Since Russia invaded Ukraine, many Western countries have imposed heavy sanctions on the country. Among these sanctions are several designed to prevent Russians from using electronic money abroad. Could Bitcoin be a solution to evade these sanctions?
How Bitcoin can circumvent sanctions
To date, Russians find it very difficult to use forms of electronic money in Western countries, or in other countries where Western payment and money transfer circuits such as Visa, Mastercard or SWIFT are widely used.
Bitcoin could be an answer. While governments can force operators of centralized money exchange services to block or limit certain transactions, they cannot do this with the Bitcoin protocol.
Not only is the Bitcoin protocol not centralized, but above all it does not allow anyone to modify or control it. There is no system in place to block or limit transactions, so not even governments are able to do this.
However, this reasoning can only be made for so-called P2P transactions, i.e. those from one non-custodial wallet to another.
Non-custodial wallets are those that give the user sole possession of the private keys necessary to move their BTC. If the user has access to the Internet, with those private keys he can send his BTC to any address he wants to send them to, without anyone being technically able to prevent or hinder him from doing so.
The risk of custodial wallets
But if the user uses a custodial wallet, this reasoning does not hold.
These custodial wallets require that the private keys are held by the wallet manager, and not by the user. These managers are usually companies operating in a particular country, i.e. under the control of their government.
Governments are therefore able to block or restrict transactions on custodial wallets operated by companies within their territory.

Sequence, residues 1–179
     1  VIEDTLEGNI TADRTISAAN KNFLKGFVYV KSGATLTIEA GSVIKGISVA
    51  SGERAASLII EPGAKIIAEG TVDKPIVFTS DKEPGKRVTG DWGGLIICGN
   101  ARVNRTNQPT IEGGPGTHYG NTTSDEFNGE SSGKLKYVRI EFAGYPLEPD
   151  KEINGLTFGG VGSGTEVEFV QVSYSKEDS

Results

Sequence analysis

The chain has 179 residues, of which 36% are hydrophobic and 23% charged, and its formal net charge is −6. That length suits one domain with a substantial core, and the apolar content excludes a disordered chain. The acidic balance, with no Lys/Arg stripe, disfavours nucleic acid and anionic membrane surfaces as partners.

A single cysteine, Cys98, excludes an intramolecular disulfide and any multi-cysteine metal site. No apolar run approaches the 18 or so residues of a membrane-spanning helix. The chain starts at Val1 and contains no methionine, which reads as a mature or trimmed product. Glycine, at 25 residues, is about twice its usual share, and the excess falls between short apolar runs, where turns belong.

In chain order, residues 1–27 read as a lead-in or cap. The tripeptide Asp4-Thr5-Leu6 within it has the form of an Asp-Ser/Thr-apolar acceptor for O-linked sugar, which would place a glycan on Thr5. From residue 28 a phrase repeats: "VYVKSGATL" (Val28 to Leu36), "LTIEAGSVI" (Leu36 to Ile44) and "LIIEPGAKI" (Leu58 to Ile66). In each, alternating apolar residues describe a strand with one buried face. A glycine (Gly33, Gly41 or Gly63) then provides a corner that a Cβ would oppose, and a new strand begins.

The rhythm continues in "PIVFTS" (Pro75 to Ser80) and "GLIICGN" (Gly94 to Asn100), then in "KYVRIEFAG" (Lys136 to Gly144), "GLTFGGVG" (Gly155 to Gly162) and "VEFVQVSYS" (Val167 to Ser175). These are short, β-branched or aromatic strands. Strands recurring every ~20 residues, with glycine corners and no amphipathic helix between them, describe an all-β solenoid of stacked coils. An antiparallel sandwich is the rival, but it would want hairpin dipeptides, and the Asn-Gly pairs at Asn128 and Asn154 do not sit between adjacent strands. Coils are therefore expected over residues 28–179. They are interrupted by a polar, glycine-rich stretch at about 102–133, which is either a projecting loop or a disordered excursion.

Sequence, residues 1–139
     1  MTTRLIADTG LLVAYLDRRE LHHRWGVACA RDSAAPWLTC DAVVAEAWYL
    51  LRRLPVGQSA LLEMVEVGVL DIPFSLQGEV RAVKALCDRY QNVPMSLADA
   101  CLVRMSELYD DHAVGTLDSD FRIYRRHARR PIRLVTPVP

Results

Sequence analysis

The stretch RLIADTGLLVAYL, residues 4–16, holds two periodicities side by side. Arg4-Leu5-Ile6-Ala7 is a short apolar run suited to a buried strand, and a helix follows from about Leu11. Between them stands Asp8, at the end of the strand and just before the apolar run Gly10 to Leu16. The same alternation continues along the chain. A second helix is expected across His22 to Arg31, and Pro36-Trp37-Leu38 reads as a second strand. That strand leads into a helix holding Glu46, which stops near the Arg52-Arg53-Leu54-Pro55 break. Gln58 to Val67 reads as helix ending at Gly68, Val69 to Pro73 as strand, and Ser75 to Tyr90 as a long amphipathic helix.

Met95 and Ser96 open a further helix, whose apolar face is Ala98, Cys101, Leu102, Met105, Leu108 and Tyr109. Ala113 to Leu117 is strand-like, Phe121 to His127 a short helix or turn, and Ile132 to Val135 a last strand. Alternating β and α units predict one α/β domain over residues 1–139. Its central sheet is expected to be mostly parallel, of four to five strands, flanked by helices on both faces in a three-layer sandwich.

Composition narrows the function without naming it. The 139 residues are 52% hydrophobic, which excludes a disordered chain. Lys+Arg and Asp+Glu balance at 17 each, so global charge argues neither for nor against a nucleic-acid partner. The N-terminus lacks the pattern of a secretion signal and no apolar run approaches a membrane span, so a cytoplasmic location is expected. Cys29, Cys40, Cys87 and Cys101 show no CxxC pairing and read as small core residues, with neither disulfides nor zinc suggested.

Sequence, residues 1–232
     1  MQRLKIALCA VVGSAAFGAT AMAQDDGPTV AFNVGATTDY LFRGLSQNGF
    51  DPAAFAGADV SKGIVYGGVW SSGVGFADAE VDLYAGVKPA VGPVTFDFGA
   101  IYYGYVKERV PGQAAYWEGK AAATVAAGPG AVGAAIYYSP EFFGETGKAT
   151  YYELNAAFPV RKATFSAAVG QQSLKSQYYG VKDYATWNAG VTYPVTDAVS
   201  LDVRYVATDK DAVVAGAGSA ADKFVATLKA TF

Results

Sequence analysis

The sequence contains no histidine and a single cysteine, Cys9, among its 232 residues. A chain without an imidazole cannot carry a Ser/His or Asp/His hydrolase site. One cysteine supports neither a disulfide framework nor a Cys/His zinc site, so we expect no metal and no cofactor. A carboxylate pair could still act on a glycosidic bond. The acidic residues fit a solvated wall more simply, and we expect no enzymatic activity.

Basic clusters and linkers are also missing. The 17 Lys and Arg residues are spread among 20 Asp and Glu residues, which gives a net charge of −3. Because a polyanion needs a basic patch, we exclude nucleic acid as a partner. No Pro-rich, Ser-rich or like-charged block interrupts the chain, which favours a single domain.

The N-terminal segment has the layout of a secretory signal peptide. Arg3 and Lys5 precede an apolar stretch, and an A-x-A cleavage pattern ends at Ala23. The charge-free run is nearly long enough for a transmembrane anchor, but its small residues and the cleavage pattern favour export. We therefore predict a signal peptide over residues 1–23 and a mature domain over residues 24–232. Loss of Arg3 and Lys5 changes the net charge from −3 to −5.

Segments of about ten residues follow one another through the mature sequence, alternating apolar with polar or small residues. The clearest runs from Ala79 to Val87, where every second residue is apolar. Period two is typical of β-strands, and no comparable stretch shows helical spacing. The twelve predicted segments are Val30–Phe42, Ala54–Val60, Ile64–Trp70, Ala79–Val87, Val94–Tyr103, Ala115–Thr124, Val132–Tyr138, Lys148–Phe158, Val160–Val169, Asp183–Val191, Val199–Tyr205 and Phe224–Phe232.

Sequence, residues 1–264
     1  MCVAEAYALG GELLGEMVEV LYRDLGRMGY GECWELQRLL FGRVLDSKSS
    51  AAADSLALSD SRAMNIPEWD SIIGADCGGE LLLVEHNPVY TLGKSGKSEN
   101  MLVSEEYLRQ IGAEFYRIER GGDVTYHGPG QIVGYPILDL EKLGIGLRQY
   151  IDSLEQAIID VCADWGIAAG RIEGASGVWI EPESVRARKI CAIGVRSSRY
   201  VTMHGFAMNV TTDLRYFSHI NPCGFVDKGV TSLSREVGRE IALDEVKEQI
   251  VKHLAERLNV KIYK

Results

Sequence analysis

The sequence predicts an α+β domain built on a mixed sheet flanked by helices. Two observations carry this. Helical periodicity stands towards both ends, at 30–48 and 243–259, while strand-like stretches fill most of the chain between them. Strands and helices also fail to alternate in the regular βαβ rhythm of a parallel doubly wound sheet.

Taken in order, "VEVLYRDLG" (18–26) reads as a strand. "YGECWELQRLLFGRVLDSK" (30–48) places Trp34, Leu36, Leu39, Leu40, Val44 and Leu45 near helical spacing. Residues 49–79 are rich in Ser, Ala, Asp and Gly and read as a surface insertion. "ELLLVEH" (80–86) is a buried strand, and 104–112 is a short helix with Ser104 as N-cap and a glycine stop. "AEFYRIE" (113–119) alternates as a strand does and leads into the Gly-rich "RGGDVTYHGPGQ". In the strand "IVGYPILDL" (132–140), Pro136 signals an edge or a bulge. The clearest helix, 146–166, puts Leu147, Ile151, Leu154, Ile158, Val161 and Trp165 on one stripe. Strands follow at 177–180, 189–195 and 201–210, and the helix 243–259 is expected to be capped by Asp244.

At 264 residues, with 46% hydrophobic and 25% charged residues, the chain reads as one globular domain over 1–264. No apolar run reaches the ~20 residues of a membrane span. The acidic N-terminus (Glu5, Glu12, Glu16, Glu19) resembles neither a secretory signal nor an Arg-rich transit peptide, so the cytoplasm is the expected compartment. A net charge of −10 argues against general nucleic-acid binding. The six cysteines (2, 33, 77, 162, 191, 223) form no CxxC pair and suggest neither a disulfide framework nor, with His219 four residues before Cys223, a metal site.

The fact is that if you hold BTC on a custodial wallet, if the custodial wallet is temporarily blocked by the operator, there is also no way to move them to a non-custodial wallet and use them freely.
This is one of the reasons why it is always advisable to keep your BTC on a non-custodial wallet if possible, and not on a third-party wallet, such as an exchange wallet.
Moreover, those who do not have BTC on non-custodial wallets and want to acquire them with fiat currency may in fact face the same problem, because centralized exchanges, subject to government control, are generally used for such purchases.
So Bitcoin can only allow Russians to send and receive money to and from abroad if they use BTC already stored on non-custodial wallets. Otherwise, they need to buy them from some non-Russian, or non-blocked, user and have them sent to their non-custodial wallet.
But there is another consideration.
Russia without the internet?
If Russia does indeed decide to prevent its citizens from accessing the internet, it may be very difficult for them to use BTC with non-custodial wallets, because in order to use them they need to connect to Bitcoin nodes around the world and send transactions to the network. However, this seems to be only a potential scenario so far, because Russian citizens are apparently still able to connect to the Internet in one way or another.
It is therefore a relatively complex, and certainly not trivial, scenario, which in theory could allow someone to use Bitcoin to circumvent sanctions. In reality, as things stand, this solution is probably not available to a large part of the population.
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